So are you ready to boycott McDonald’s for serving their evil acrylamide cancer fries? I wasn’t convinced. I decided to dig a little deeper and research acrylamide. To begin with, acrylamide is NOT a food additive. McDonald’s does not have large vats of acrylamide stored in the back that they sprinkle on their food when unsuspecting customers aren’t looking. It is a natural byproduct of cooking plant-based foods at high temperatures, say when you bake, roast, or fry something. It forms when the natural sugars present in food mix with the amino acid asparagine, one of the twenty most commonly occurring amino acids on Earth.

It is found mainly in foods made from plants like potatoes, grains, and coffee. And, for all of you on the organic food bandwagon, acrylamide is present in organic foods at the same level as non-organic products. While no one claims fast food restaurants like McDonald’s to be connoisseurs of fresh, pesticide-free organic foods, it’s not their food quality to blame for the presence of acrylamide.

Acrylamide has been shown to cause cancer in animals exposed to very high doses, much like similar products that many people consume on a daily basis, think artifical sweeteners in sugar-free products, sodium nitrate in processed meats, and fruits and vegetables (I swear I don’t make this stuff up, click the link). Does this mean it is unsafe for human consumption? The short answer no, probably not, but more testing needs to be done. In the meantime, the FDA urges people to continue eating cooked planted-based foods as part of a balanced, healthy diet.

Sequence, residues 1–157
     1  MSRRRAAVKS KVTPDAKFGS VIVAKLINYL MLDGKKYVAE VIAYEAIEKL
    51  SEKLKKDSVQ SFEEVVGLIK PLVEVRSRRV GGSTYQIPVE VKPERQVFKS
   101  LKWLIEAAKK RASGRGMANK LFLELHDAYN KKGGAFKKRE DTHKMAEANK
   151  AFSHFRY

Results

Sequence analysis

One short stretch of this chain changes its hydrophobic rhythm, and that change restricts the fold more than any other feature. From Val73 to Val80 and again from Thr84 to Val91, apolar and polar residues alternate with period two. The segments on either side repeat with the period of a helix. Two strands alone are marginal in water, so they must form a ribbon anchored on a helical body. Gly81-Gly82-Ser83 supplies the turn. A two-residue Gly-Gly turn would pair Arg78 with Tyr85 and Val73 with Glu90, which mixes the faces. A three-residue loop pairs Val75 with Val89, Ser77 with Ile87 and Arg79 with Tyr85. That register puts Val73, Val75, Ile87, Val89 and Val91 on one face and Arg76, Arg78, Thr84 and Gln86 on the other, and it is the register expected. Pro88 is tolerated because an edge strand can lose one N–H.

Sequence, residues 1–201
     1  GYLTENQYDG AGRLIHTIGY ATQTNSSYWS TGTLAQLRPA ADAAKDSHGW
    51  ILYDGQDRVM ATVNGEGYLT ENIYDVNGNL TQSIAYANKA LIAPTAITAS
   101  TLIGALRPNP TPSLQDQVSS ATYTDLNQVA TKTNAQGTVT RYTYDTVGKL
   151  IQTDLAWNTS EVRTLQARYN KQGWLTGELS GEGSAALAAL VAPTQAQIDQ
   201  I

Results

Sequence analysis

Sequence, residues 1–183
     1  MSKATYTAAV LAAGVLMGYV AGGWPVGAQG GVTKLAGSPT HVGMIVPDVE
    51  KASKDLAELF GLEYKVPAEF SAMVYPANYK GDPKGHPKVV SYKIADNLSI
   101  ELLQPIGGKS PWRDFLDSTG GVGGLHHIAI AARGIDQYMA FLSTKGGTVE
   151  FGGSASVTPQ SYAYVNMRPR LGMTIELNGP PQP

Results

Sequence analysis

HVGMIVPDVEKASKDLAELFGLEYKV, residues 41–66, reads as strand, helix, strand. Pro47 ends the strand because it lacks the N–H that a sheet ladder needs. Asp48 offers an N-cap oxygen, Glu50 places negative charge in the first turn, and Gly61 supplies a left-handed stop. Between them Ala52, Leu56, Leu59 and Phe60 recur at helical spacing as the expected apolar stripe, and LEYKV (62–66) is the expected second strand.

But alas, I digress. Talking about acrylamide was not the initial purpose of this blog.

When people make knee-jerk emotional responses or take little snippets of information and make sweeping generalizations they are doing consumers a disservice. McDonald’s is not the villain in this case, and pointing the finger at them is like a cheap parlor trick that distracts people from seeing what’s going on at the heart of the issue. It’s this kind of “surface” thinking that lures people up in unhealthy fad diets and away from sound nutrition advice.

I encourage all my readers to educate yourselves on health and nutrition and decide what advice you want to use and what you want to kick to the curb. Because believe it or not, you can’t trust everything you read.

In the classic tale of the tortoise and the hare, the slow-going tortoise crosses the finish line ahead of the speedy but arrogant hare. “Slow but steady,” the tortoise says. By adopting that mantra in the race to lose weight, you are not only guaranteeing that you cross the finish with energy to spare and your vital organs in tact (more on that later), you are preventing yourself from having to rerun the same course over and over again.  Approaching weight loss more like a marathon instead of a sprint to one’s goal weight is the ideal way to ensure your body maintains optimal functioning.

One of the prime examples that comes to mind when I think of fast weight loss is the NBC reality show The Biggest Loser. Contestants vie for a chance to win $250,000 by adopting very low calorie diets and engaging in grueling 6-8 hour long workouts (all under doctor supervision of course), all in the hopes of dropping the largest percentage of their body weight and being crowned the Biggest Loser. What the viewing audience doesn’t see is that in addition to the money, every contestant walks away with another prize: a significantly slower metabolism. Maybe they should rename the show the Biggest Metabolic Loser?